Tens of thousands of old West Coast immigration records the government once sought to throw away will instead become publicly available on Tuesday at a Bay Area archive.

Photographs, letters, health records, interview transcripts and other historical documents were destined for a recycling bin or a remote Midwestern storage facility.

"We changed that plan. We're making them permanent," said spokeswoman Sharon Rummery of U.S. Immigration and Citizenship Services.

Archivists credit the advocacy of the late U.S. Rep. Tom Lantos, D-San Mateo, and his successor, Rep. Jackie Speier, D-San Mateo, for helping to save the collection.

The documents will be housed at the San Francisco National Archives in San Bruno and open to the public beginning Tuesday.

The lawmakers argued that the Alien Files, known as the A-Files, should be made permanent records of "enduring historical value."

The files are for people from more than 100 countries who arrived, legally or not, on American shores, including many affected by laws excluding Chinese immigrants in the late 19th and early 20th centuries. The Chinese Exclusion Act files were already housed in the archives, but the new collection includes supplemental documents.

The roughly 40,000 files in San Bruno's new collection are specifically for immigrants or foreign visitors who were processed by immigration agents in San Francisco, Reno, Honolulu or Guam. Only pre-1910 files are currently available, but others will be released later. Another 300,000 files for the rest of the country are housed in Kansas City.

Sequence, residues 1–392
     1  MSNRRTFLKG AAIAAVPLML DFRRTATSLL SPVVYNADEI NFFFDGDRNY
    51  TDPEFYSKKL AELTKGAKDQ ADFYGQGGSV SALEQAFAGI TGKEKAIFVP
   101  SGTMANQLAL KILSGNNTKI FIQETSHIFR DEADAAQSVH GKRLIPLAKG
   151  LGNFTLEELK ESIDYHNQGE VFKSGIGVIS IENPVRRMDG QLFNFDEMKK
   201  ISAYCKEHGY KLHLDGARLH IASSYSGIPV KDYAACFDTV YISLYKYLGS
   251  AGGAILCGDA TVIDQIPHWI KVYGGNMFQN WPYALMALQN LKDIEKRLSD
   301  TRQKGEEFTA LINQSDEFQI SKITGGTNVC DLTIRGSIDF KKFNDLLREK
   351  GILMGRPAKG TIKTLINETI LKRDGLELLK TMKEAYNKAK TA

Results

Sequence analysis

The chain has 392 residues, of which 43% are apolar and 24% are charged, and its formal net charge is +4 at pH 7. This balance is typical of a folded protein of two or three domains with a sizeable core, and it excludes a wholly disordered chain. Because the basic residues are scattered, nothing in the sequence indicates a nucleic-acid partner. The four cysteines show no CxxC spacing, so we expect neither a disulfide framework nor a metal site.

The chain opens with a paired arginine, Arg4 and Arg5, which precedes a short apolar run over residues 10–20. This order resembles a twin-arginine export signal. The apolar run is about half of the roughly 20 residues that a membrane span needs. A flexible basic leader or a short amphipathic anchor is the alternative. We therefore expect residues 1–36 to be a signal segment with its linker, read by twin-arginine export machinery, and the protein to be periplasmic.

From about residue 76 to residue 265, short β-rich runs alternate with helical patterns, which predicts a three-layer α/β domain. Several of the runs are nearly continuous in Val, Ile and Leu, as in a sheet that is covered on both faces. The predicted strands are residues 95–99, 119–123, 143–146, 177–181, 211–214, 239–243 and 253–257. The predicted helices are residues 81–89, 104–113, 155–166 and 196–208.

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Kept for more than a century in local immigration offices, officials deliberated for years about what to do with the documents until the decision in 2009 to keep them.

Immigration officials originally planned to discard each file 75 years after it was inactive, such as after someone became a citizen, died or was deported, said Marisa Louie, of the National Archives.

"No files were disposed that we know of, but they had those deadlines looming over their head," she said.

This is the second major archival data trove coming to Bay Area genealogists and researchers this year. Millions of personal records from the 1940 census became available last month.

How to SEE the 'A-Files'

Thousands of old immigration records from the so-called Alien Files, or A-Files, will be open to the public Tuesday at the San Francisco National Archives, 1000 Commodore Drive, San Bruno.
Archivists suggest emailing them at afiles.sanbruno@nara.gov or calling 650-238-3501 before traveling there.
By the end of the month, the National Archives will launch a name-based online index to help search for the records at its website: www.archives.gov/pacific/san-francisco.